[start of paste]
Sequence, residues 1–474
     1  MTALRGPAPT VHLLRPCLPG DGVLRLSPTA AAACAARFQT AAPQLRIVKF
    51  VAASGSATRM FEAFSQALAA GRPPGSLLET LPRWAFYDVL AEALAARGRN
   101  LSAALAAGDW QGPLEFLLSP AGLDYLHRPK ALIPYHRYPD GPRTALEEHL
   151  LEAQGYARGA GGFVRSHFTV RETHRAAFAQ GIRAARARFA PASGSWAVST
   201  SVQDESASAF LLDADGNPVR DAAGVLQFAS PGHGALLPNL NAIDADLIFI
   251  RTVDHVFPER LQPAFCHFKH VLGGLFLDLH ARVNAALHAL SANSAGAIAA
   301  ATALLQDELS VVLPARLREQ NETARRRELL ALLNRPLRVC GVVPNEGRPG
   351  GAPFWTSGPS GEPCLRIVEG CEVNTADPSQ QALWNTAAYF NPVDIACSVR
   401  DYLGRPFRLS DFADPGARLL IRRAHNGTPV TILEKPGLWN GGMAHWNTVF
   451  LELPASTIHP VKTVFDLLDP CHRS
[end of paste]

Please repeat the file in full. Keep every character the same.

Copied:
Sequence, residues 1–474
     1  MTALRGPAPT VHLLRPCLPG DGVLRLSPTA AAACAARFQT AAPQLRIVKF
    51  VAASGSATRM FEAFSQALAA GRPPGSLLET LPRWAFYDVL AEALAARGRN
   101  LSAALAAGDW QGPLEFLLSP AGLDYLHRPK ALIPYHRYPD GPRTALEEHL
   151  LEAQGYARGA GGFVRSHFTV RETHRAAFAQ GIRAARARFA PASGSWAVST
   201  SVQDESASAF LLDADGNPVR DAAGVLQFAS PGHGALLPNL NAIDADLIFI
   251  RTVDHVFPER LQPAFCHFKH VLGGLFLDLH ARVNAALHAL SANSAGAIAA
   301  ATALLQDELS VVLPARLREQ NETARRRELL ALLNRPLRVC GVVPNEGRPG
   351  GAPFWTSGPS GEPCLRIVEG CEVNTADPSQ QALWNTAAYF NPVDIACSVR
   401  DYLGRPFRLS DFADPGARLL IRRAHNGTPV TILEKPGLWN GGMAHWNTVF
   451  LELPASTIHP VKTVFDLLDP CHRS